Bringing Back Ryan Madson Doesn’t Make Sense For The Philadelphia Phillies


Philadelphia Phillies starting pitcher Ryan Madson throws against the Arizona Diamondbacks in the first inning of their baseball game Tuesday, July 25, 2006, in Philadelphia. In four innings, Madson gave up two runs, along with four wild pitches and two hit batters.(AP Photo/George Widman)
Back around Christmas, CSN Philly’s Jim Salisbury reported that there was mutual interest between Ryan Madson and the Philadelphia Phillies in a return. The hard-throwing righty, who spent his first eight seasons in Philly, is attempting an MLB comeback after missing two seasons with arm injuries. ESPN’s Jerry Crasnick said Wednesday night Madson’s chance to prove that he still can be an effective MLB reliever, will come in the next ten days.

Crasnick also passed along that Madson did throw for “an unnamed club”, who appears to be the favorite to sign him.

Naturally there is speculation that the Phillies were the “unnamed club”, but that is nothing more than speculation. Obviously it could be the Phillies and Salisbury’s report last month is enough reason to think that it may be the Phillies, but there is no guarantee that the Phillies were the “unnamed club”.

Last week’s signing of reliever Chad Gaudin could lead some to think that the Phillies have filled out the competitors for their bullpen, and Gaudin, who seems likely to make the MLB roster, would take away a potential roster spot from Gaudin. That said, Gaudin and Madson wouldn’t be competing for the same role, should the Phillies bring back Madson. As strange as it sounds, even after two seasons out of the MLB, if the Phillies brought back Madson, it would be to compete for the setup man role. Gaudin would be a long reliever, that could make the occasional spot start. As much as the Phillies seem to be going back to their mid-2000′s mindset, I think it’s safe to say they wouldn’t try Madson as a starter again.

Madson would be competing with the likes of Antonio Bastardo (lock to make the team because he is owed $2 Million), off-season acquisition Brad Lincoln (who will surprise a lot of people in 2014 with his ability to throw gas out of the bullpen),  and Justin De Fratus (posted a 3.86 ERA in 58 games in 2013 and is only 28). Mike Adams, who will be nearly nine months removed from rotator cuff surgery on Opening Day, is the question mark.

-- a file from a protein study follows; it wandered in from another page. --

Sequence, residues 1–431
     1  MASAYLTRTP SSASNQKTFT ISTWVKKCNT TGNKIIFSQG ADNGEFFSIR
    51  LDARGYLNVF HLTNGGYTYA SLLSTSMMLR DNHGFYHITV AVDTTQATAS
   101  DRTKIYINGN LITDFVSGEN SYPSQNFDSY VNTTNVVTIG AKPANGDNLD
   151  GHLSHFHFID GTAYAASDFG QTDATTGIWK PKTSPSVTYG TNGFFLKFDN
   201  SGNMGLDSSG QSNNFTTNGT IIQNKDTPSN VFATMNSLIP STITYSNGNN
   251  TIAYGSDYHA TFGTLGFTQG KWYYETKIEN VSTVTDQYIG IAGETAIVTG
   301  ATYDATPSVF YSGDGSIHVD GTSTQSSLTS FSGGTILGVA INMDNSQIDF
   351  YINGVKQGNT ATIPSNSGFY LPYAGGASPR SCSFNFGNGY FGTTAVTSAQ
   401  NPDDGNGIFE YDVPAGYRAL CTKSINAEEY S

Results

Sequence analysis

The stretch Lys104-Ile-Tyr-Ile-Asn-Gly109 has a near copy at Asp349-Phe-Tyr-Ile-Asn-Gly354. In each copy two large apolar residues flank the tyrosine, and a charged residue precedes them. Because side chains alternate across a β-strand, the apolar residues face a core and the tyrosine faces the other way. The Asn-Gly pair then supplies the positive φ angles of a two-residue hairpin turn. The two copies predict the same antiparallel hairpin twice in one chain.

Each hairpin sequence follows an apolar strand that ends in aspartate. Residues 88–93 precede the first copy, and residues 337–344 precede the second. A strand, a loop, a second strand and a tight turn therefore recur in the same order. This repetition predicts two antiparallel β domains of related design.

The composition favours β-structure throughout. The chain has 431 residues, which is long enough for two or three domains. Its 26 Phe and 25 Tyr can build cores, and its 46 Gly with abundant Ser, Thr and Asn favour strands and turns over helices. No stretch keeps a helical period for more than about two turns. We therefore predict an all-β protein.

Adams believes that he will be ready for opening day according to NJ.com’s Bill Evans, but as Evans also points out, Adams felt pain in his shoulder until November. That leaves me to think that Adams may be done, but from the sounds of the article, Adams will do his best to be pitching on Opening Day.

In that scenario, Madson wouldn’t have a spot on the Phillies MLB roster. The Phillies aren’t going to stick him in Triple-A, nor would he agree to that considering he will have other MLB offers. Madson has earned better than being stashed in the minors, even after missing two seasons.

Adams may get to Spring Training, and after watching him throw, the Phillies may realize that he is flat-out done. But for two reasons, this still wouldn’t affect Madson. First, Madson will be signed by then, so Adam’s Spring Training performance really won’t matter to the Phillies chances of signing Madson. Secondly, even if the front office thinks Adams is done, they will still try to trot him out there the next two seasons to justify the fact that he will get over $12 million for the next two seasons. They pretty much did the same thing with Roy Halladay over the past two seasons, didn’t they?

The point is, the sentimental value of Madson’s return sounds great. But, so does a return of Aaron Rowand, Roy Halladay, and Jayson Werth, among others, in their primes. Let’s be honest, are we really to believe a reliever who made a living off of mixing breaking pitches in with a high-nineties fastball, is going to be effective after missing two straight seasons with arm injuries? That kind of defies logic, unless Madson has completely reinvented himself. And even if he has, the Phillies have some arms out in the bullpen this year. I’m not high on Bastardo and I’m worried that Mike Adams is done, but I like the addition of Chad Gaudin and Brad Lincoln’s arms, think Papelbon will rebound from last season (at least somewhat), and I think some combination of Justin De Fratus, Michael Stutes, Jake Diekman, B.J. Rosenberg, and potentially Jonathan Pettibone (if he doesn’t land a rotation spot), will fill out the rest of the bullpen. If the Phillies have one spot on there team that might actually turn out to be reliable this season, it may be the bullpen—where there really doesn’t seem to be a fit for Madson.

 

Tags: Philadelphia Phillies Ryan Madson

  • Mike Lacy

    Why not bring him back? It’ll be on a minor league deal, which is essentially no risk for them. There’s no such thing as too many options for the bullpen.